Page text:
And it's certainly difficult to see how anyone could argue that an Alice-in-Wonderland review in a national (shrunk) broadsheet could do any damage either. In fact, the publicity surrounding the case, its appeal, and now Coren's review could only be good for business. It makes me want to pop on my fat suit and pink face to go across and experience the atmosphere and menu of Goodfellas for myself!

While as a one-off it's fine, I do hope that newspaper restaurant reviewers can go back to their normal business of reviewing the food and atmosphere in eating establishments, rather than branching out into the world of comedy writing.

And for the record, having originally been less than impressed with Gourmet Burger Bank on the Belmont Road, it did improve. We called in around six last night on the way into town, and the Garlic Burger, chunky fries and onion rings were divine - and the service was fast too.

Update - Having written most of this post, I’ve just realised that the Goodfellas story and Coren himself featured on Nolan’s phone-in show on Monday morning, (listen again for seven days) where he was accused of "test[ing] a principle of law by making offensive remarks" with one caller pointing out that his article (now corrected) referred to the Irish Times instead of the Irish News. Other callers saw the funny side.


Timothy Belmont said...

Mr Coren's critical review won't do them any harm at all because, presumably, their patrons don't habitually peruse the Times newspaper; and this is mutual as far as Times' readers are concerned!

Brabazon said...

I think this 'sickly sweet' chicken thing may be a quirk of local tastes. I have had meals like that in several places and I wish someone had told me before I went. It makes me glad that TV chef Jenny Bristow doesn't have a restaurant. Her food looks so rich and sickly and full of so many different flavours my stomach gathers itself in a knot at the mere sight of it. Maybe this is where the chefs are getting their ideas from...? :(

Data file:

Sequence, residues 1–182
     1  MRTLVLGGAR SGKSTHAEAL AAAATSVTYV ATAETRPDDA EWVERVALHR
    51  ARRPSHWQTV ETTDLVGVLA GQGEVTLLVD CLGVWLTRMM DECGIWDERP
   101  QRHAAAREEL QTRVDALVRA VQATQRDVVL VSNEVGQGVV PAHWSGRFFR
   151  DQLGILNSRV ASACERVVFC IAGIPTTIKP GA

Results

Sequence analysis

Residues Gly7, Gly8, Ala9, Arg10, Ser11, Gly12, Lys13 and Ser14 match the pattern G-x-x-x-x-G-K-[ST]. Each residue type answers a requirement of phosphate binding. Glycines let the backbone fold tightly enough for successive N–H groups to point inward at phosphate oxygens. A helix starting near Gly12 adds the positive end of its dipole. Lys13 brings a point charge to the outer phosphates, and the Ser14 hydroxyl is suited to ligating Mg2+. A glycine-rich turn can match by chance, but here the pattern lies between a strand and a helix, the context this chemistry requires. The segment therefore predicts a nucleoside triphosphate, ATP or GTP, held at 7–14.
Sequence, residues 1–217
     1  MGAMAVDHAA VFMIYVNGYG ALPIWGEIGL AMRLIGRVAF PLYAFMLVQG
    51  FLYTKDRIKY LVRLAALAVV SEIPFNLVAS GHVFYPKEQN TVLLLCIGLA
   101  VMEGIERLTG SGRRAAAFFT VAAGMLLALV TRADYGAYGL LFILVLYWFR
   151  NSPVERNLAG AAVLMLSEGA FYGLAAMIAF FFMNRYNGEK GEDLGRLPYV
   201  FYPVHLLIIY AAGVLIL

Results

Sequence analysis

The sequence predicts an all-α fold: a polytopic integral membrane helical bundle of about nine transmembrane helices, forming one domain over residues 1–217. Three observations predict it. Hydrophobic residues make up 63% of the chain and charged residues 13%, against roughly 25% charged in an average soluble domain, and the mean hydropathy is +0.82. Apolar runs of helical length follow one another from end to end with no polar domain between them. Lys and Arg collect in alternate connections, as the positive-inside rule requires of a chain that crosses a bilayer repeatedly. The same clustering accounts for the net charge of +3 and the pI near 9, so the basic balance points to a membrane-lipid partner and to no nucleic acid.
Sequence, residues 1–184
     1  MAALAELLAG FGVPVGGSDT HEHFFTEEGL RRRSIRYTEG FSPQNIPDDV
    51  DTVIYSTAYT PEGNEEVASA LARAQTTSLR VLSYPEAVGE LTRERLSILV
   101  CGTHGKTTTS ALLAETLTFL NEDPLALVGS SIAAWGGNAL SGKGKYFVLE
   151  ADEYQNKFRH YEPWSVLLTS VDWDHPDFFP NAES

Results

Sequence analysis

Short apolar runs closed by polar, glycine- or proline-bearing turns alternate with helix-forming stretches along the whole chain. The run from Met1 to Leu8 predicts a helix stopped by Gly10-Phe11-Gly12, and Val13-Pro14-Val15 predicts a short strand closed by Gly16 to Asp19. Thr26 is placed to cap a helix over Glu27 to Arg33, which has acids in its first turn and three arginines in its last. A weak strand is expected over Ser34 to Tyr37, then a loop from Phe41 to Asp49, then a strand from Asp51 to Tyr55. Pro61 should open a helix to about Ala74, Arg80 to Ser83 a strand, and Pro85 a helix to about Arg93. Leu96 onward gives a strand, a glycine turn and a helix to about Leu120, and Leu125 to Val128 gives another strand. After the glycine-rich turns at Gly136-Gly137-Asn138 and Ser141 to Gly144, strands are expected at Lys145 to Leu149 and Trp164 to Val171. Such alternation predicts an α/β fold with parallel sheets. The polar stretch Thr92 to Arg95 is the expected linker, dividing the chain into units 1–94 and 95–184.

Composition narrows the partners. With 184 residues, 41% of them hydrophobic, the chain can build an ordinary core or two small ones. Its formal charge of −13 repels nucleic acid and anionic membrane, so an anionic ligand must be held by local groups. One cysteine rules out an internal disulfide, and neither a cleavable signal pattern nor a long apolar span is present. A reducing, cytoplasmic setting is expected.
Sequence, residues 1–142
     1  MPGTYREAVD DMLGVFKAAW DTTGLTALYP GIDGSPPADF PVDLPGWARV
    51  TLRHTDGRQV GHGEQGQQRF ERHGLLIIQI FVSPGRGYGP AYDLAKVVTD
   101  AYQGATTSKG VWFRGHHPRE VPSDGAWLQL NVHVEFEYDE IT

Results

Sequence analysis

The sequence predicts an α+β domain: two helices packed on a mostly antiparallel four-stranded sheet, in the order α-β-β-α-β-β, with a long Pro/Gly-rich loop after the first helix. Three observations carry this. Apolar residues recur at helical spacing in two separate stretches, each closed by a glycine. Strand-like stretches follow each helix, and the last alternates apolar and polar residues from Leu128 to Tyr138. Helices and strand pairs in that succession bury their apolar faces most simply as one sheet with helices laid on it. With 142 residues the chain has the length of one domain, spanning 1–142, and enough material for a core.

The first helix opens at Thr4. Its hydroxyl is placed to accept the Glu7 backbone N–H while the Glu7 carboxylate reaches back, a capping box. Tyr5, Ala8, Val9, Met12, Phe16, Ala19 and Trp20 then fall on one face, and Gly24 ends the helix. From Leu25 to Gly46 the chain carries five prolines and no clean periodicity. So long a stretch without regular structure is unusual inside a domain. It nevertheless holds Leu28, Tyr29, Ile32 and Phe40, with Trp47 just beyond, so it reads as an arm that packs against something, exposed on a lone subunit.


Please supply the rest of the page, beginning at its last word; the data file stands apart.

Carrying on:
John Self said...

The original judgment could never stand up on appeal, otherwise the whole business of reviewing restaurants, plays, films (or books!) would be throttled by the need to be kind at all costs. The jury in the original case were misdirected by the judge (and the barrister who acted for the Irish News, who I know quite well, told me some other hair-raising details about the case which probably shouldn't go in a public blog).

Having said that I'm surprised by how liberally the appeal judges have interpreted the law, particularly the first point, where even if something is presented as fact it should be taken as comment because it's embodied within a review. Presumably this doesn't mean a critic can say "This restaurant serves pigeon and says it's chicken". However it would cover the kind of situation which Coren described in the Times after the original verdict, where the Times lawyers rang him up when he said "the risotto tasted like vole's vomit" wanting to know how he could be sure! Coren in particular did have a bee in his bonnet about the original verdict - it was national news, after all - and I wasn't surprised that he came over to test the place. (I had a tip-off that he was doing it so bought the Times on Saturday, ripped open the plastic bag and turned to the restaurant review: no sign! Then I realised it was in the main paper, presumably because of the short lead time.)

The interesting question is whether the restaurant will go ahead with the retrial that the appeal judges directed. I expect they will want to forget about it, but the paper will be keen to press their advantage.

Erin O'Brien said...

I am at once repulsed, hungry, curious and bewildered.

Odd, yes, but compelling as well.

Anonymous said...

26th August 2000
Irish news article by Dining Partners
May Sheridan & Frances Harper

Not good, fellas

West Belfast boasts very few restaurants. Perhaps it’s for this reason that Goodfellas has made such a name for itself, and continues to do so well. Cars lined Kennedy Way outside the restaurant, and it was so packed that people were forming an orderly queue at the door when we visited on a week night. From a customers point of view Goodfellas is a bit daunting.
Brown tinted glass prevents you from seeing inside the restaurant and a caged CCTV camera records your arrival a la Big Brother.
The numerous ‘Cead Mile Failte’ signs ring a little false when you’re asked whether or not you’ve told the receptionist you want a table, and could you make sure that you’re not standing in the way of the waitresses.